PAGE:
“Oh, give me land, lots of land under starry skies above, but don't fence me in.”
So the song goes.
But it seems like Tamworthians, particularly in outer-lying suburbs, won’t be left “by themselves in the evening breeze”, as council looks forward to a more densely populated city, following a decision at Tuesday night’s meeting.
Tamworth Regional Council voted to resize lots in the Hills Plain district to the north of the city, meaning the development pattern will produce closer to 4000 lots, as opposed to the originally planned 3100.
Council believes it is responding to the demands of the market – which wants smaller lots – and the city’s population is growing.
But current residents in Hills Plain feel like council is usurping on the low-density spacious living they bought into many years ago.
Councillors Mark Rodda and Jim Maxwell agreed, recalling the lots sold with low-density as a key attraction.
Cr Rodda said council had “changed the goal posts” and voted against the move, with Cr Maxwell.
Cr Glenn Inglis said it’s “not uncommon” for masterplans to be adjusted, and council’s planning director Peter Thompson even foreshadowed more adjustments by future councils.
The most worrying part of Tuesday’s meeting was a resident on Sequoia Dr who said he didn’t know about the plan until a neighbour on Browns Ln told him. Councillors pointed out “poor consultation”, but unrest over shrinking the lots raises questions about Tamworth’s willingness to grow.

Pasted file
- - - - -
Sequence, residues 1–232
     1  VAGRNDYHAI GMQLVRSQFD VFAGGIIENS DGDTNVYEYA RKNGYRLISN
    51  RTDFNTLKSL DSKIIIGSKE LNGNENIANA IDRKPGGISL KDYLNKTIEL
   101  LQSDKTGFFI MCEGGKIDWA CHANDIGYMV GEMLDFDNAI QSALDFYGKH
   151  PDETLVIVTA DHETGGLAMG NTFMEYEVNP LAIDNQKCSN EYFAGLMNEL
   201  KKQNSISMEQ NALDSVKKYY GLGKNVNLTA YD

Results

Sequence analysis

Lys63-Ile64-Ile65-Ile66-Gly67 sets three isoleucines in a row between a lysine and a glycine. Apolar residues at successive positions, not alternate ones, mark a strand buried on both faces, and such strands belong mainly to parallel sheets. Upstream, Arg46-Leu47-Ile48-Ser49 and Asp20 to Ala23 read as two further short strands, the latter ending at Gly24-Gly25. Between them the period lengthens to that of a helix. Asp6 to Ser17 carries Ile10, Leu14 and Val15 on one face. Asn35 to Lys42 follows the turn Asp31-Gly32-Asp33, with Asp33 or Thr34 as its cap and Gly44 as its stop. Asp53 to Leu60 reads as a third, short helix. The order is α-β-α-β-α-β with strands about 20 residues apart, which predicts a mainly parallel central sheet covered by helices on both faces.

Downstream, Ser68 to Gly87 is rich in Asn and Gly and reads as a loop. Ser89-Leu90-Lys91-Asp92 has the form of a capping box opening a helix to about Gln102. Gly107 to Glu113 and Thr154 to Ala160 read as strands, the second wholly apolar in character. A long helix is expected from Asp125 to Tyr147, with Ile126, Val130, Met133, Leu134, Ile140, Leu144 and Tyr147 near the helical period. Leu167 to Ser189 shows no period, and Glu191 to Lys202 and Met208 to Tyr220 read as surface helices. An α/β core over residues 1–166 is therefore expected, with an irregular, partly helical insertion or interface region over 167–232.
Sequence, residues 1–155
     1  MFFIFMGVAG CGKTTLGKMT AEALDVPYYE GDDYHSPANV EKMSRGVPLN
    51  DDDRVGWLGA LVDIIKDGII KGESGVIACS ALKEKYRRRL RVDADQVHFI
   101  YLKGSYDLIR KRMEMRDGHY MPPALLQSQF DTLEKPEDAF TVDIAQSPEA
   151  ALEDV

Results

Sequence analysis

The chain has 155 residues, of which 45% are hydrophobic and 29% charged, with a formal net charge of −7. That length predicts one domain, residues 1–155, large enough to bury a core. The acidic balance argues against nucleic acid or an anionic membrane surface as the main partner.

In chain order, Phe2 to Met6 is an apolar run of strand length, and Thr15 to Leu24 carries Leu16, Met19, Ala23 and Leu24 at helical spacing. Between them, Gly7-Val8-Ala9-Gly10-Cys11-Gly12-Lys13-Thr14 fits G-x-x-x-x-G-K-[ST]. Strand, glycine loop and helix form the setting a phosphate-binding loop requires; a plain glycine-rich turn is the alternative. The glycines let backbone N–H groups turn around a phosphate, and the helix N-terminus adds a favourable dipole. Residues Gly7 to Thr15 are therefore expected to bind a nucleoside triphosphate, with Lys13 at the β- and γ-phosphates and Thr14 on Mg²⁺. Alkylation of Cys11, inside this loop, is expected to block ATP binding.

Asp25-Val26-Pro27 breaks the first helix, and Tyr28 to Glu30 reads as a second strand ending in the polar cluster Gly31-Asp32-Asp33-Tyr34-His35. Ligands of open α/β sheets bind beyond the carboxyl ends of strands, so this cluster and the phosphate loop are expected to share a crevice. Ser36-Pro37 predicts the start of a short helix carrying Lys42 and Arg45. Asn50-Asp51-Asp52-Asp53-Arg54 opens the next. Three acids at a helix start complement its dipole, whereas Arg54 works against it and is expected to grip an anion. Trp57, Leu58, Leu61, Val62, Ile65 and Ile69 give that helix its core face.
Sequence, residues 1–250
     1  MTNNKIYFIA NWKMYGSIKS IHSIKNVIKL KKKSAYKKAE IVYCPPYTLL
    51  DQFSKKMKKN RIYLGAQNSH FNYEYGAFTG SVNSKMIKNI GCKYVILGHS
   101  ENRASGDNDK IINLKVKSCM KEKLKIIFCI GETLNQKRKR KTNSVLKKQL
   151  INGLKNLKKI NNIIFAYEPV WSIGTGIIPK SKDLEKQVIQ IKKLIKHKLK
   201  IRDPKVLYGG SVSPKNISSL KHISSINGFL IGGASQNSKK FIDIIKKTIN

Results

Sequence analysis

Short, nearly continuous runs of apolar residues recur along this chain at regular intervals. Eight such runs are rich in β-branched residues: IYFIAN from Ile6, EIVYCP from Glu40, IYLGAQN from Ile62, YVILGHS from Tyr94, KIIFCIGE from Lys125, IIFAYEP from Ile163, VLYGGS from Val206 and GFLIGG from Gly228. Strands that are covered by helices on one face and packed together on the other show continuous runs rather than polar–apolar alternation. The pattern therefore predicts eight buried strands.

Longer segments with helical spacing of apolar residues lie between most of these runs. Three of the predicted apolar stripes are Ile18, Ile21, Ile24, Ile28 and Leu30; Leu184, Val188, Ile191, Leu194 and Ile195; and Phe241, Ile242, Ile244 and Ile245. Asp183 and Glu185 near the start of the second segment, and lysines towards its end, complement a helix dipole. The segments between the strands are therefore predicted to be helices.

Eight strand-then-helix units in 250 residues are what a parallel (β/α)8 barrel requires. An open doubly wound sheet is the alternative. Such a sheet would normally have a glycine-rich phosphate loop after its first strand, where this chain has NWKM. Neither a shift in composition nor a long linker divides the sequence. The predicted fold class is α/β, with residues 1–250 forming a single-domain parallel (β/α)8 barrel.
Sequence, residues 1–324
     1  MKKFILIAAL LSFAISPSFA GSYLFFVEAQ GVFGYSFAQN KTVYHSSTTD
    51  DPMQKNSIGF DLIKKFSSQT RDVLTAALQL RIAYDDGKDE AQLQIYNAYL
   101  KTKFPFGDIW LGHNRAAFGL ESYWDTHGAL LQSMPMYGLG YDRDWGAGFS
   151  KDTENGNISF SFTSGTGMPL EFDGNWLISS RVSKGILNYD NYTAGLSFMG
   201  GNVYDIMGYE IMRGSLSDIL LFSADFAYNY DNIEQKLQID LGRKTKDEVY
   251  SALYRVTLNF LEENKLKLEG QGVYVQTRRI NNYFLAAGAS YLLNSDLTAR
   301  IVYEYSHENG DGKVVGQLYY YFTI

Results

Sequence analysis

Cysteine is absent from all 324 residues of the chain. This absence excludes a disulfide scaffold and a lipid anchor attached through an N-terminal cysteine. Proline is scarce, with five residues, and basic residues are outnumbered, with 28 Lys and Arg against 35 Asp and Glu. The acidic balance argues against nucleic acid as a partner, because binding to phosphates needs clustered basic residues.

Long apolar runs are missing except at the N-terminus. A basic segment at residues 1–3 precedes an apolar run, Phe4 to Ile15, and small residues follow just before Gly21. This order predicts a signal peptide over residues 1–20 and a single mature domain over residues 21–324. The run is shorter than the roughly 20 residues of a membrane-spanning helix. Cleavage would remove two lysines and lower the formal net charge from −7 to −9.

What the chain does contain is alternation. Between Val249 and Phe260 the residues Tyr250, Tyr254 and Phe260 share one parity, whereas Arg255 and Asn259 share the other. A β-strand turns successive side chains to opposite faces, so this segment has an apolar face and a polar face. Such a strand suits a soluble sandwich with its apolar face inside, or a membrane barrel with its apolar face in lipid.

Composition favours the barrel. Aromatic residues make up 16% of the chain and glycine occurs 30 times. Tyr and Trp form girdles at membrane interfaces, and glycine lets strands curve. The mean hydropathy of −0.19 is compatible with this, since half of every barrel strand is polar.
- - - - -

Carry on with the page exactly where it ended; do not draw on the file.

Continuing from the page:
Blessed with a wet winter backed up with consistent rainfall, locals are less concerned with water restrictions, and have started thinking about how long and how many people could live off Chaffey at capacity and an expanded Dungowan Dam.
The federal water minster, our local member, Barnaby Joyce said a 44 megalitre version of Dungowan Dam would “give real security to the city of Tamworth to go to about 150,000 people”.
What’s Tamworth going to look like with nearly 100,000 more people? Where are 100,000 extra people going to live?
We want all of the services our city cousins are afforded, whether its health care, education or hospitality, but does Tamworth have the critical mass to attract more workers and businesses.